hotel


hotel
hotelless, adj.
/hoh tel"/, n.
1. a commercial establishment offering lodging to travelers and sometimes to permanent residents, and often having restaurants, meeting rooms, stores, etc., that are available to the general public.
2. (cap.) Mil. the NATO name for a class of nuclear-powered Soviet ballistic missile submarine armed with up to six single-warhead missiles.
3. a word used in communications to represent the letter H.
[1635-45; < F hôtel, OF hostel HOSTEL]
Syn. 1. hostelry, hostel, guesthouse, motel. HOTEL, HOUSE, INN, TAVERN refer to establishments for the lodging or entertainment of travelers and others. HOTEL is the common word, suggesting a more or less commodious establishment with up-to-date appointments, although this is not necessarily true: the best hotel in the city; a cheap hotel near the docks. The word HOUSE is often used in the name of a particular hotel, the connotation being wealth and luxury: the Parker House; the Palmer House.
INN suggests a place of homelike comfort and old-time appearance or ways; it is used for quaint or archaic effect in the names of some public houses and hotels in the U.S.: the Pickwick Inn; the Wayside Inn. A TAVERN, like the English PUBLIC HOUSE, is a house where liquor is sold for drinking on the premises; until recently it was archaic or dialectal in the U.S., but has been revived to substitute for saloon, which had unfavorable connotations: Taverns are required to close by two o'clock in the morning. The word has also been used in the sense of INN, esp. in New England, ever since Colonial days: Wiggins Tavern.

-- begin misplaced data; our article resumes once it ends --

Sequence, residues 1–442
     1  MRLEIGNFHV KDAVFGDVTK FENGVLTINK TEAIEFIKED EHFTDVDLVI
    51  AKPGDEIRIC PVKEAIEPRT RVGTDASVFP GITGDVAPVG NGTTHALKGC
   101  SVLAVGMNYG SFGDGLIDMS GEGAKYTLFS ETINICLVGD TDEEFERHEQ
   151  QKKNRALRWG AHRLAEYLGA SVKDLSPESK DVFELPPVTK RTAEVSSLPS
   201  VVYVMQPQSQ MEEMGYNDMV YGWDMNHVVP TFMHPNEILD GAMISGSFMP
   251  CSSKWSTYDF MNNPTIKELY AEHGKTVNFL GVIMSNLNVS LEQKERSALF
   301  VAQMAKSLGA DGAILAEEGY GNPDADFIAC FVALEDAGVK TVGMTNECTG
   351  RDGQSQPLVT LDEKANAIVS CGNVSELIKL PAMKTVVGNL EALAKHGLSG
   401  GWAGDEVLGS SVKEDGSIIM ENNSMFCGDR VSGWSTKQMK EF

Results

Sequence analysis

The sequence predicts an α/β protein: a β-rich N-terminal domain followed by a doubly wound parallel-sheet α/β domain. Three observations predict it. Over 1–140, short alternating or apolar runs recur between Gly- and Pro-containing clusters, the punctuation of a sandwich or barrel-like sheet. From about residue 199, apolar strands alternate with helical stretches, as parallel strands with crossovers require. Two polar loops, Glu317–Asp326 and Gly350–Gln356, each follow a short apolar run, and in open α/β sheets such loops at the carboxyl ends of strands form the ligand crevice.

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Building that provides lodging, meals, and other services to the traveling public on a commercial basis.

Inns have existed since ancient times (e.g., along the Roman road system during the Roman Empire) to serve merchants and other travelers. Medieval European monasteries operated inns to guarantee haven for travelers in dangerous regions. The spread of travel by stagecoach in the 18th century stimulated the development of inns, as did the Industrial Revolution. The modern hotel was largely the result of the railroads; when traveling for pleasure became widely popular, large hotels were often built near railroad stations. In 1889 the Savoy Hotel in London set a new standard, with its own electricity and a host of special services; the Statler Hotel in Buffalo, N.Y. (1908), another landmark, catered to the growing class of business travelers. After World War II, new hotels tended to be larger and were often built near airports. Hotel chains became common, making purchasing, sales, and reservations more efficient. Hotels fall into three categories: transient hotels; resort hotels, intended primarily for vacationers; and residential hotels, essentially apartment buildings offering room and meal service. See also motel.